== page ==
End the Cycle is a poverty campaign with a difference. At first glance, it might not seem like it – isn’t it just using people’s stories from Cambodia and the Solomon Islands to highlight issues of poverty in relation to disability? That might seem fairly standard, but it is the story behind the stories that makes this campaign so distinctive – because it has been developed using a human rights-based approach.
End the Cycle aims to achieve empowerment and increased awareness of the cycle of poverty and disability by practising inclusion. So people with disabilities and their organisations have had genuine participation in every stage of resource development, retaining control over the use of their own words and images – local ownership was very important to us.
The decision to develop this campaign came when we realised that most people don’t know about the links between poverty and disability. We asked ourselves who should tell them – and felt strongly that it should be people with disabilities themselves. As an organisation, CBM also wanted to explore and learn from new ways of collecting resources.
We started gathering resources for this campaign about a year ago. We spent two weeks gathering footage, interviews and photographs in Cambodia, and another two weeks doing the same thing in the Solomon Islands. Our resource collection team included people with disabilities from the local community through grassroots organisations – the Cambodia Disabled People’s Organisation and People with Disability Solomon Islands. Interestingly, these local partners were not existing partners of CBM, which was a deliberate strategy to increase the objectivity of stories – we didn’t want people to feel they had to tell a certain story to “the donor”.
After several weeks of editing video, compiling the interviews and creating factsheets around various issues related to poverty and disability, we sent the materials back to Cambodia and the Solomon Islands to be shared with the people who had first shared their stories with us. Using a translator, participants were able to see the videos, the photos we had taken and the stories. They checked that they were being represented just as they had wanted to be – as active, contributing members of their families and communities, with the same rights, hopes and challenges as everyone else. This process in itself contributes to the empowerment of people with disabilities - who are so often ignored. Of course, it also slowed down the process of completing our resources – but we think it was worth it. The Disabled People’s Organisations also appreciated it and have plans to use the campaign materials in their own advocacy and training of other organisations.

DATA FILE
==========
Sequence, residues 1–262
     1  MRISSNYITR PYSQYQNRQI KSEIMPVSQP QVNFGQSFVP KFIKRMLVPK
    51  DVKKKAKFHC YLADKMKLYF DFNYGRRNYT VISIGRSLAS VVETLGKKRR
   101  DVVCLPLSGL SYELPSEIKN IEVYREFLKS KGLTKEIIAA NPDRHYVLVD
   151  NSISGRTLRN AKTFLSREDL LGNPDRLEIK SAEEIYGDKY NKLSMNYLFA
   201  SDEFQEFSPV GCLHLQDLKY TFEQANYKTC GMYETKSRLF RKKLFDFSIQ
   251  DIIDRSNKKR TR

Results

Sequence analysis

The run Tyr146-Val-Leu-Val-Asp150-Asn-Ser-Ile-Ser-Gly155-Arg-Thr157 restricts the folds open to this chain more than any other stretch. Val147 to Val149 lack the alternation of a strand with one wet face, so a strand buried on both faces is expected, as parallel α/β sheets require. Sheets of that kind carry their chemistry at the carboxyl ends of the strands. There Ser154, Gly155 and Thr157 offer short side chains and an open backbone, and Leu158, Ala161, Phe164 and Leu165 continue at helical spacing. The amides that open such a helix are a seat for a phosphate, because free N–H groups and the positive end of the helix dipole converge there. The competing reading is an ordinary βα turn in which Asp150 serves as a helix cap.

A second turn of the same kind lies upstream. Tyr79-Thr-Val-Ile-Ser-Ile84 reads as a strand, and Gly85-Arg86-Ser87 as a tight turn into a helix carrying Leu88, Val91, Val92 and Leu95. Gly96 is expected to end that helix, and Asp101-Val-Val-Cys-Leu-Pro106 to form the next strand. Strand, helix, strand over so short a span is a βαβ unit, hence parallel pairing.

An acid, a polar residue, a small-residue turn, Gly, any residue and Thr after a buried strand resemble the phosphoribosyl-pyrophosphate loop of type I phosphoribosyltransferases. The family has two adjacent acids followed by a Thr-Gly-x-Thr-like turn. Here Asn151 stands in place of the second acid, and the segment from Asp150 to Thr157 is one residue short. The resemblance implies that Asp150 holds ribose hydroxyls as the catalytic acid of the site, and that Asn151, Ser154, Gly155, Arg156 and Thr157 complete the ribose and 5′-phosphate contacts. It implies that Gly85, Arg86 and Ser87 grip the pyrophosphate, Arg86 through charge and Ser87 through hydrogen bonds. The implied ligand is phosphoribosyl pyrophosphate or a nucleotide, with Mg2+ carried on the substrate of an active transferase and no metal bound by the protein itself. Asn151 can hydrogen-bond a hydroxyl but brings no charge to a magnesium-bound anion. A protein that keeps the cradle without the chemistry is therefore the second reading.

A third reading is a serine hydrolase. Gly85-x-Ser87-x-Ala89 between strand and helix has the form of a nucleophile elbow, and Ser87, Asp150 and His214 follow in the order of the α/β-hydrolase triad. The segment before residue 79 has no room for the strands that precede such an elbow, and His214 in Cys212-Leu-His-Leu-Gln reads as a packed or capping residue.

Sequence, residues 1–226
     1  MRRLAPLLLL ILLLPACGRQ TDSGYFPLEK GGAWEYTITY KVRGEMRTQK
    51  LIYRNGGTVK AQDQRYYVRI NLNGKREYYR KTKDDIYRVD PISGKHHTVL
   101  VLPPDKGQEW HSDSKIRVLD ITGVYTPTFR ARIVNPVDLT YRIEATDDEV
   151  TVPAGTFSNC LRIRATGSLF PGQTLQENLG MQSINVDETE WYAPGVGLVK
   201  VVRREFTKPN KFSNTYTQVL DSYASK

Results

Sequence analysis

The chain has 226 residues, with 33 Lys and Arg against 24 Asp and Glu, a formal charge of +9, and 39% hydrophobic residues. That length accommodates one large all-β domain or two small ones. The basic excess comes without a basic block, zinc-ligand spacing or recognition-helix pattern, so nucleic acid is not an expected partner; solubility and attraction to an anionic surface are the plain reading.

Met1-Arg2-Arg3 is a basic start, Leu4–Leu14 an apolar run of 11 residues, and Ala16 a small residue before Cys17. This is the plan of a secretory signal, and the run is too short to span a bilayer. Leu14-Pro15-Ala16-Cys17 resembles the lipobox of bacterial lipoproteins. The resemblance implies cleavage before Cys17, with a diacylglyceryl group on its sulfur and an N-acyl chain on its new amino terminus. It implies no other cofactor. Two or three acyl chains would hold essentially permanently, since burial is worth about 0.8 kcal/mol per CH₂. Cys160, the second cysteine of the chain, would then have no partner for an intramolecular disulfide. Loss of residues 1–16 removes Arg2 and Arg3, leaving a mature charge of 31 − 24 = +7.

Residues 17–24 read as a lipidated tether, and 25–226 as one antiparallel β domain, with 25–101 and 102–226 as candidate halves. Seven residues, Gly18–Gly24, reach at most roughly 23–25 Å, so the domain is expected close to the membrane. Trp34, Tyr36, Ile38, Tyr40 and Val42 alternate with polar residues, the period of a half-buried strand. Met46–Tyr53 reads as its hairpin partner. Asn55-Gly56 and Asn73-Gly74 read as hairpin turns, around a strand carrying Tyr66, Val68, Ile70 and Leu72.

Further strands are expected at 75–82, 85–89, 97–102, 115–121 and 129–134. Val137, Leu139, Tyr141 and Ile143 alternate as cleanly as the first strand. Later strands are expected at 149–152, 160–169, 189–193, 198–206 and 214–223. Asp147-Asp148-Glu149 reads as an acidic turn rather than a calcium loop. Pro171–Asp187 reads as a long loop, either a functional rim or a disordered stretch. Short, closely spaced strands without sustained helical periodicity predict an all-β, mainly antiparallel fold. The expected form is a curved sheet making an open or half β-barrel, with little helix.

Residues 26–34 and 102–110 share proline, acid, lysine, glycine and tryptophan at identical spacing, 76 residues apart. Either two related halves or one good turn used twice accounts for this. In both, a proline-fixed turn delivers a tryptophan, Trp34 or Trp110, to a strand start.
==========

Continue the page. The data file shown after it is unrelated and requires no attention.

Source/CBM Australia: http://www.endthecycle.org.au/content/the-cycle
We believe this campaign brings a balanced and thoughtful approach to storytelling and is aligned with the slogan of the disability-rights movement: “Nothing about Us without Us”. People with disabilities are speaking for themselves rather than being spoken about by others, recognised appropriately as the ones who know best about their lived experience of disability.
How we represent people we work with - especially in this age of limited privacy and the scope of the internet - is something CBM is exploring through this campaign. We share this methodology both to hold ourselves accountable, and to share with other organizations who might be wrestling with how to communicate about complex and multi-dimensional people as well as building understanding amongst our followers. We believe this approach is not only helpful for accountability, but allows our campaign to be more authentic and compelling.
We would like to continue and extend our work with this human rights-based approach. It was definitely positive to work with Disabled People’s Organisations in the story collection – it felt like a respectful partnership, where people could say what they thought. This also meant that sometimes we didn’t get exactly the quotes we were hoping for and couldn’t reinterpret people’s stories. This was challenging at times but a reality of working with the methodology of the campaign. When we are next gathering stories, we would also build more time into the feedback process – so we weren’t rushing people in Cambodia and the Solomon Islands to give us their feedback.
What do you think about the campaign? Is this different to the way you’ve seen disability portrayed before? Do you think it is feasible for more stories of people in the majority world to be collected in this way? We’d love to see your comments below.
We invite you to read more about our approach, sign the “End the Cycle” pledge, and follow @EndTheCycleAUS on Twitter and Facebook.
By Anna Gaskill, CBM Australia.